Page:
Richard Russo's style reminded me at first of Richard Ford's in Independence Day and The Sportswriter, and so I was hooked from the beginning of Empire Falls. It's a sweeping, funny, heartbreaking novel that flashes from past to present as it tells the story of a once-flourishing industrial town in Maine and its quirky inhabitants who are struggling to preserve status quo. I was just looking at A. O. Scott's review, which places Russo in squarely with a slew of Northern writers, including Joyce Carol Oates, but damned if this book didn't make me think of William Faulkner first. It's been awhile since I've thought about Yoknapatawpha County or Absalom, Absalom, but some of that novel's central issues seem to be at stake in Empire Falls as well. The first similarity would be the way in which the town's past continues to inform and control the present: we as readers understand this through a series of flashbacks that become increasingly significant as the plot unfolds. Secondly, the land figures prominently in both works. Granted, the landscape is completely different, but the future of Empire Falls (and ultimately the fate of its matriarch) seems to hinge on the Knox river and the defunct mills and factories that sit on its banks. Finally, fathers and father figures are at the root of what is most troublesome (and hopeful) in these works.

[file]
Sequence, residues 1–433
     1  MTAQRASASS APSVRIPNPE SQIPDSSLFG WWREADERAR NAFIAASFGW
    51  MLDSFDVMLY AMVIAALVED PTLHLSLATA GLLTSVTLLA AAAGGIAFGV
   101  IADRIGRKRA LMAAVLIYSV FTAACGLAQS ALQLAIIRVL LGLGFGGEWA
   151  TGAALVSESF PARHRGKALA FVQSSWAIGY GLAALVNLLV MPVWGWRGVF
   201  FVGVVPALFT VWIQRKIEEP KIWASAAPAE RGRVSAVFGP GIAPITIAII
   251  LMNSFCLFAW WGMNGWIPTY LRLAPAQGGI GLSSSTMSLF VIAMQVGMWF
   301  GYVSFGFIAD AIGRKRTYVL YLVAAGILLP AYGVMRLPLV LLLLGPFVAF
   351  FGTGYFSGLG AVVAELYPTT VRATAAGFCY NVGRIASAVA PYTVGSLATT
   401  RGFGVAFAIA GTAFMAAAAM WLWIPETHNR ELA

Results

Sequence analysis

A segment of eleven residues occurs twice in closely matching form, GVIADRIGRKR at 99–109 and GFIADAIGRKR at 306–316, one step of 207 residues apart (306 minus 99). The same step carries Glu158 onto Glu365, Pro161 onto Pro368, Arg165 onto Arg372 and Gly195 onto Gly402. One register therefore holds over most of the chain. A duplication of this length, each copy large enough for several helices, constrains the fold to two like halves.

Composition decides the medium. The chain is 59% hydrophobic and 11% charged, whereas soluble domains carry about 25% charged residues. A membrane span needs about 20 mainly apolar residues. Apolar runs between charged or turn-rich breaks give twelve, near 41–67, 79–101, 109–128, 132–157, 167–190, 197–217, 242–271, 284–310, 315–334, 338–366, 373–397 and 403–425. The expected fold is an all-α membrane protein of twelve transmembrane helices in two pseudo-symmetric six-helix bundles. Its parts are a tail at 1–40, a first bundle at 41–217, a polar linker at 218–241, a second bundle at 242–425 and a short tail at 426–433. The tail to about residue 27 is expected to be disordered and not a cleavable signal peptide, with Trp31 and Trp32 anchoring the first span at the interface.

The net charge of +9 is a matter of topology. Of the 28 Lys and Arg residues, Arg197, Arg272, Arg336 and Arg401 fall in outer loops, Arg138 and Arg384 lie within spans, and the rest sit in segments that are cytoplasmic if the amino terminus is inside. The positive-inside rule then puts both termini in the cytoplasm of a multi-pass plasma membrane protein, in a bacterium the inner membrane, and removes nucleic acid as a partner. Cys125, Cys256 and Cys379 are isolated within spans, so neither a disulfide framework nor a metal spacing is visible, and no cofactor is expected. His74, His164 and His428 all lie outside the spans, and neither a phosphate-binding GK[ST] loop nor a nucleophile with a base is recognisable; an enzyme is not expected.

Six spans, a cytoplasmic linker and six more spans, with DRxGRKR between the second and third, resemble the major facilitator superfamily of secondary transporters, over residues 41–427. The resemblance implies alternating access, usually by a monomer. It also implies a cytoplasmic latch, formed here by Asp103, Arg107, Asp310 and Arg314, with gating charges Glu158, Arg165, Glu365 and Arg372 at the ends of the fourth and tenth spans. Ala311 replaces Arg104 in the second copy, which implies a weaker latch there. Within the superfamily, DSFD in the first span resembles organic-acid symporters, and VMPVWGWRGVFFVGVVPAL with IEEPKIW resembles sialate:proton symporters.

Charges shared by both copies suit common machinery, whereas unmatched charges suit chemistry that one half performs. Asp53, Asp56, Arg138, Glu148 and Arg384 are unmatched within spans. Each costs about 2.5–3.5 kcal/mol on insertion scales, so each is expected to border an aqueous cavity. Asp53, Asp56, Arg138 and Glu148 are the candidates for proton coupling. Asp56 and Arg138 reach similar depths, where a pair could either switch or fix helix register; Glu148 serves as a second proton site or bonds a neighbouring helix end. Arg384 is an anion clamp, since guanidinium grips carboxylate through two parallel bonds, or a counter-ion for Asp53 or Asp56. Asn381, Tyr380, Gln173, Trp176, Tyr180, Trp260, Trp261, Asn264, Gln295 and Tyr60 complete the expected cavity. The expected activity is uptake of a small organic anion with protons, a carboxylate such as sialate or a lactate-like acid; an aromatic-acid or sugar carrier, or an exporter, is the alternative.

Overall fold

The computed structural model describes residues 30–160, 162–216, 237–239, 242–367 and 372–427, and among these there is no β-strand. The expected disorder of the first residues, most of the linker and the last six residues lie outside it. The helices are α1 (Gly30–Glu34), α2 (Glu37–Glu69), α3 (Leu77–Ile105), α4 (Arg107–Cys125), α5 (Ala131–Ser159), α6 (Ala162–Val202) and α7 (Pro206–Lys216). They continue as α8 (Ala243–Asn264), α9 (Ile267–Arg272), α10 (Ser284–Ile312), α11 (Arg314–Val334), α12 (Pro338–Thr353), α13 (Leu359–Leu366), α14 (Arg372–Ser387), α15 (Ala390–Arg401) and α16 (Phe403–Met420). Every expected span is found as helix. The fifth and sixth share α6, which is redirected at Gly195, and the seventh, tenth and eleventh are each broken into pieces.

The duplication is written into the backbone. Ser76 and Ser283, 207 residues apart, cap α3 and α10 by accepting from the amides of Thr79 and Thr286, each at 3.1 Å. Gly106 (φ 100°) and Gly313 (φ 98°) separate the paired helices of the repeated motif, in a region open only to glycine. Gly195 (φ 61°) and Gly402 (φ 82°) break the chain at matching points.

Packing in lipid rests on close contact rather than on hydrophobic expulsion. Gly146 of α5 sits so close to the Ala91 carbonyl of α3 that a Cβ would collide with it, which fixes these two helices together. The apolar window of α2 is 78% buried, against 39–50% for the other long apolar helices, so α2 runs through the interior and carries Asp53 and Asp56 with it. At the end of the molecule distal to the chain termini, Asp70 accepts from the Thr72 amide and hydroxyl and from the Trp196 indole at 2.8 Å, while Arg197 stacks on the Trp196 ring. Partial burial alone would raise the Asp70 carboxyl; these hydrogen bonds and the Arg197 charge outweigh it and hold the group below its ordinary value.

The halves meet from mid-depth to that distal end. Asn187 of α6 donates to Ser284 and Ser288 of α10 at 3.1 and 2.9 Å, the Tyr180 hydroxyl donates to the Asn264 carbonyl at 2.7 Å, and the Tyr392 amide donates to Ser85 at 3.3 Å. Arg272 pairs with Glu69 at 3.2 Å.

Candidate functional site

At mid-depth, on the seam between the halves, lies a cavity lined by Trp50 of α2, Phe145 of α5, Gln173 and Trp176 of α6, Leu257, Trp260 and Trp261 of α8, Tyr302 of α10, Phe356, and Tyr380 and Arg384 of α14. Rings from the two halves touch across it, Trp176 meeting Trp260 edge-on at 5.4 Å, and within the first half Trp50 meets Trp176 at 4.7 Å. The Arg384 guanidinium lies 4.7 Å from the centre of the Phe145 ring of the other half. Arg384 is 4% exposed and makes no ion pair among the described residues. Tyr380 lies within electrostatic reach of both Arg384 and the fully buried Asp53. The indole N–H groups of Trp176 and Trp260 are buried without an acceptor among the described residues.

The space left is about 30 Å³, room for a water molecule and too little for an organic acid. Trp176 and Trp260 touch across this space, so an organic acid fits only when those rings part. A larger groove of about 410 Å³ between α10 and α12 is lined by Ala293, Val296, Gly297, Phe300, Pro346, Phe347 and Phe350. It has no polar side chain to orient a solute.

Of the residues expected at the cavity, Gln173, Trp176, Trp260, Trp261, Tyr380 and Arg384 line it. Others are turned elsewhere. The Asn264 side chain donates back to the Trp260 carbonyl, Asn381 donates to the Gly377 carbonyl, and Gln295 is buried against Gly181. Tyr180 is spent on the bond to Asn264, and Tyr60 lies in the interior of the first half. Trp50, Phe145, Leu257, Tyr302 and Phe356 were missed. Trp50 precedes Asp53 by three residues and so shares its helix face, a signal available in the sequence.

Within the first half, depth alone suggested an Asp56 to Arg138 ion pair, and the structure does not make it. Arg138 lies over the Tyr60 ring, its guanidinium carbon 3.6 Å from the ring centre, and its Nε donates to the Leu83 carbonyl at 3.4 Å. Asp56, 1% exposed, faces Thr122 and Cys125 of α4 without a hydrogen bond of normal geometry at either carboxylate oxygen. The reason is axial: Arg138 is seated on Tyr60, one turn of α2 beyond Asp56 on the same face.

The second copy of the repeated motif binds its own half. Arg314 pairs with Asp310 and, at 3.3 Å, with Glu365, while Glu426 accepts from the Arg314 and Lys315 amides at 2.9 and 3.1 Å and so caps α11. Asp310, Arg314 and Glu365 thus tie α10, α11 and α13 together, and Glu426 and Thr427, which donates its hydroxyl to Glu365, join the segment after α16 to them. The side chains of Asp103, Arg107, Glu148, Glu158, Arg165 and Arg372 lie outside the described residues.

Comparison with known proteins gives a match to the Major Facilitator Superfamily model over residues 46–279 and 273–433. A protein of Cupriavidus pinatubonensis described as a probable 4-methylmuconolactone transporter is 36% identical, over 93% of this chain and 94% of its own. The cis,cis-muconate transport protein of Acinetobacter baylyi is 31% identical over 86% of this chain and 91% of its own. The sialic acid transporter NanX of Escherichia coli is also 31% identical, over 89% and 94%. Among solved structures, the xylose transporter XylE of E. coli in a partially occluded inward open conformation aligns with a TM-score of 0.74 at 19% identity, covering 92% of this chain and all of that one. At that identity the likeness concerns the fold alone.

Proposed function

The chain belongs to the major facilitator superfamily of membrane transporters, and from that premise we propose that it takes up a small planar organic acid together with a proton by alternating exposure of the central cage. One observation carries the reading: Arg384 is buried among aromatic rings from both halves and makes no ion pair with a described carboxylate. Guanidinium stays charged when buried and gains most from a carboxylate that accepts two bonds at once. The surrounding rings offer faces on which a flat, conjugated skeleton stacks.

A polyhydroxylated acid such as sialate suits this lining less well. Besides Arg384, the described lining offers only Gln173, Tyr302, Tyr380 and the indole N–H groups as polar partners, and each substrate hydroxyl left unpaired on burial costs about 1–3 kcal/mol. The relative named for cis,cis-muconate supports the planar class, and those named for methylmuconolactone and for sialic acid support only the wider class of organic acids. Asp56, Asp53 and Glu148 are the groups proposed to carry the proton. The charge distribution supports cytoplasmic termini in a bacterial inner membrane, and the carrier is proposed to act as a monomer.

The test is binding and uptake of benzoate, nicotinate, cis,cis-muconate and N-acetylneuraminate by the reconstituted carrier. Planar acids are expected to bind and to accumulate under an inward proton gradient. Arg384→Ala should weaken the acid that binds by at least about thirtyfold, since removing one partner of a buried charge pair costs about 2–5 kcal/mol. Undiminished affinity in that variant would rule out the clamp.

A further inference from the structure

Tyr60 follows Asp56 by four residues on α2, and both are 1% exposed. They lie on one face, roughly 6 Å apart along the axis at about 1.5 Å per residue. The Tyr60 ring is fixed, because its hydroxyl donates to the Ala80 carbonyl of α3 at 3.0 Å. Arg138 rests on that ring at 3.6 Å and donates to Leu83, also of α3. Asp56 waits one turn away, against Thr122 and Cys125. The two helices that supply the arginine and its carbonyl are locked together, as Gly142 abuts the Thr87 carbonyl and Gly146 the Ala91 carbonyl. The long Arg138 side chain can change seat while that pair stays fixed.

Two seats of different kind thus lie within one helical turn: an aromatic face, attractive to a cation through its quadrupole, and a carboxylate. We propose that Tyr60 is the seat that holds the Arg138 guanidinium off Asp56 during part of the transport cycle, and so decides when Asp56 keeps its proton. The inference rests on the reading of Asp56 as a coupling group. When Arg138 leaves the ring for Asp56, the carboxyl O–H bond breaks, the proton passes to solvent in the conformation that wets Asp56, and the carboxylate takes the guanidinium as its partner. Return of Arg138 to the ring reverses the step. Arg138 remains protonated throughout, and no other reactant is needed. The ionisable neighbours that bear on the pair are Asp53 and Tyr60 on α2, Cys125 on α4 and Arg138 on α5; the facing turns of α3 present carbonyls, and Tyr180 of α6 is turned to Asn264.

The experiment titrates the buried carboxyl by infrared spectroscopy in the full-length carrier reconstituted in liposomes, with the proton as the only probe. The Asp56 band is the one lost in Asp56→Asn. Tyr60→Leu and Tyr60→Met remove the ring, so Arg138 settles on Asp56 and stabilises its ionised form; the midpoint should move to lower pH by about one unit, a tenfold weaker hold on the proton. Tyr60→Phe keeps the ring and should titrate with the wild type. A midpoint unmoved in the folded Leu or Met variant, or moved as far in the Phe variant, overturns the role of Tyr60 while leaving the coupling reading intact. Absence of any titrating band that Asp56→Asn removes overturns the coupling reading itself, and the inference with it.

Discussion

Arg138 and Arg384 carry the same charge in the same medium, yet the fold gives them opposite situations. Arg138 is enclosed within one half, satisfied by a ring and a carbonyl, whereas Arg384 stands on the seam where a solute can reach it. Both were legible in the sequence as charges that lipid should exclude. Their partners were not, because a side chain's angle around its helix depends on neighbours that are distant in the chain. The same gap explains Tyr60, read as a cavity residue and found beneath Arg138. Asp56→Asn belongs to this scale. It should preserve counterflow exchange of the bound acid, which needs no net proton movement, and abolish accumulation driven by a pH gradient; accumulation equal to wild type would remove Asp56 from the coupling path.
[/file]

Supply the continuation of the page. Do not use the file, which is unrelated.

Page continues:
What is brilliant about Russo is the way that he probes beneath the surface of this sleepy New England town. All is not exactly well in Empire Falls; businesses are dying slow deaths and the inhabitants put all their hopes in the far-fetched possibility of a millionaire buying up the factories. Still, on the surface, things are alright. Everyone is making do for the most part. However, there is a strange momentum building that readers can overlook as easily as the main character Miles Roby does.

I find it pretty interesting that A. O. Scott reviewed the book because I always think of him as a film critic. Indeed, this book was written to be filmed (the characters are wonderful), so if you don't have time to read the whole thing, I'm sure the movie would suffice - and I don't say that often. It also reminds me of that movie A History of Violence: same sort of premise. Something is brooding under the surface of things in Empire Falls, and it does explode at the very end. I was shocked by the ending, until I thought back to all the various references to violence along the way: car crashes, crippling injuries, hushed instances of domestic abuse. Even a late tackle in a high school football game and a vicious pet cat figure in to this town's history of violence. Such history, too, would connect Russo's work to Faulkner's.